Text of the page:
‘It is not ok to drop a one ton bomb on a neighbourhood!’


AMERICAN jurist Mary Davis, who headed the independent United Nations probe into the events of 2014 aggression on the Gaza Strip, said that Israel must re-examine its policy of using its military might, because it led to what she called ‘unprecedented destruction and to the killing of about 1,500 innocent civilians.’

‘We wanted to make a strong stand that the whole use of explosive weapons in densely populated neighbourhoods is problematic and that the policy needs to change,’ she emphasised in an exclusive phone interview from Geneva with the Israeli daily, Haaretz.

She said: ‘Because it is not OK to drop a one-ton bomb in the middle of a neighbourhood.’ The United Nations Independent Commission of Inquiry on the 2014 Gaza conflict shared a press statement on the UN Human Rights website, saying it has gathered ‘substantial information pointing to the possible commission of war crimes.’

While the commission is scheduled to formally present its report to the UN Human Rights Council on 29 June 2015 in Geneva, it reported: ‘The 2014 hostilities saw a huge increase in firepower used in Gaza, with more than 6,000 airstrikes by Israel and approximately 50,000 tank and artillery shells fired. In the 51 day operation, 1,462 Palestinian civilians were killed, a third of them children.’

Israeli officials attacks against the committee increased in recent weeks, said Haaretz. Israeli Prime Minister Binyamin Netanyahu said a few days before the report’s publication it would be a waste of time to read it, because the committee was biased against Israel. Israel further refused to cooperate with the committee by granting it access to Gaza or to the Israeli surrounding communities in the south. The eyewitnesses on both sides were interviewed either in Jordan or Geneva.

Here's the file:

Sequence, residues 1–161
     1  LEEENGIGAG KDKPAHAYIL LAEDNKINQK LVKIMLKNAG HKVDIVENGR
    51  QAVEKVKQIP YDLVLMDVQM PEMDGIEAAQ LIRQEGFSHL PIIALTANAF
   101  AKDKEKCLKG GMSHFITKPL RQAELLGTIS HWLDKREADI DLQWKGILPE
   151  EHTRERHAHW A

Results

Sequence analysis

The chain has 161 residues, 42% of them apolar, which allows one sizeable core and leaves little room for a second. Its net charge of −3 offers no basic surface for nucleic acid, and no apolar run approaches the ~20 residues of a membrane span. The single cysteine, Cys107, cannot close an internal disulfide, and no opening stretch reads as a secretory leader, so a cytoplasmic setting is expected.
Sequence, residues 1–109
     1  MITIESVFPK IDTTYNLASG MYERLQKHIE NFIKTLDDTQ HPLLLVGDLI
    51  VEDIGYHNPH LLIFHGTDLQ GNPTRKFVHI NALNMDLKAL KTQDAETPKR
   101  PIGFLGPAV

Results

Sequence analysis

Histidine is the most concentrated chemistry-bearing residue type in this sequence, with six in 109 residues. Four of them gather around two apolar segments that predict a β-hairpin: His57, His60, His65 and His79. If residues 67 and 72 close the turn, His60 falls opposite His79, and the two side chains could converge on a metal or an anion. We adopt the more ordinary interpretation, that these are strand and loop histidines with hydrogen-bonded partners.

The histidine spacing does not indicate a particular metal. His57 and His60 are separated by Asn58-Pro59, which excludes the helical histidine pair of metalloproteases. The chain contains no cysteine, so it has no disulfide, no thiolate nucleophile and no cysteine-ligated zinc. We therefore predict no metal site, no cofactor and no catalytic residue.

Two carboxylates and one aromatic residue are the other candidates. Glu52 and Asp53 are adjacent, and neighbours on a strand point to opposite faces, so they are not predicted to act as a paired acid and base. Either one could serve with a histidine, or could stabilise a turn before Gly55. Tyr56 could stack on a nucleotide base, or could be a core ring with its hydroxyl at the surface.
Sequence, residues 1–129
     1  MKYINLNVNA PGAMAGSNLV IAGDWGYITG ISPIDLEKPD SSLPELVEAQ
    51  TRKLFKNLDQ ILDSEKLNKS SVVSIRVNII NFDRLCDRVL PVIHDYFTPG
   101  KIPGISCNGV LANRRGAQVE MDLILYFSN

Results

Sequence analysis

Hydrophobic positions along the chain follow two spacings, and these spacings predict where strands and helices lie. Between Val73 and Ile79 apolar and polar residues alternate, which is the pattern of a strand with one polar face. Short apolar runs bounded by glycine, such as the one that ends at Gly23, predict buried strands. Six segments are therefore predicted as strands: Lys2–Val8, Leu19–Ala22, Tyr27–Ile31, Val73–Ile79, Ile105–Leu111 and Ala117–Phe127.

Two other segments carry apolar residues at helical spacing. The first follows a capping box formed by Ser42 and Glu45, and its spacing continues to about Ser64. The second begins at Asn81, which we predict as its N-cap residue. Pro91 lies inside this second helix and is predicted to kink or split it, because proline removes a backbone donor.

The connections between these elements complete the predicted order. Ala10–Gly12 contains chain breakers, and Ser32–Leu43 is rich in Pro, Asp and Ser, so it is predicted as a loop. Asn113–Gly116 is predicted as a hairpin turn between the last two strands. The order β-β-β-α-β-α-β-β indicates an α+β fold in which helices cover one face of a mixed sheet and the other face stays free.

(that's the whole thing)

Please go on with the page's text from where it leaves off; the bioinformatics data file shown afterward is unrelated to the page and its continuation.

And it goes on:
Davis responded to Israel’s lack of cooperation saying that Israel needs to determine its interests. She further pointed that the report would have looked different if Israel decided to collaborate with the committee. ”We didn’t get cooperation from Israel so we found other ways.’

Despite of Israel’s attempts to foil the investigation and the report, the committee relied on other means to gather testimonies and data, including the internet. ‘We used a lot of the material Israel posted online and the Israeli point of view was represented in the report,’ she explained. When asked if Israel’s refusal to cooperate with the inquiry committee has undermined the reliability of the report, she told Haaretz: ‘I don’t think so. We are very candid in the report about the limitations we worked under.’

Admitting that the report lacked first-hand evidence on many things, she said that the committee did the best it could do and gathered a large number of testimonies. I think the report gave a good picture to the world on what went on last summer in Gaza. We were not a judicial investigation and this is why we were not pointing fingers at anybody specific,’ Davis added.

Responding to claims that the report balances between the actions of Israel and Hamas, she said, ‘We were not in charge of conducting a moral investigation but to check if the international law was violated. We were not looking to balance in any sense other than looking at what both sides did. We didn’t compare between Israel and Hamas. We looked at what happened and applied the legal standards to it. The law puts them on the same level, and we follow the law.’

The committee earlier recommended the international community to support the International Criminal Court’s preliminary examination. Davis clarified: ‘I am not going to prejudge what the ICC does. I don’t want to make a prediction. That is for the prosecutor.’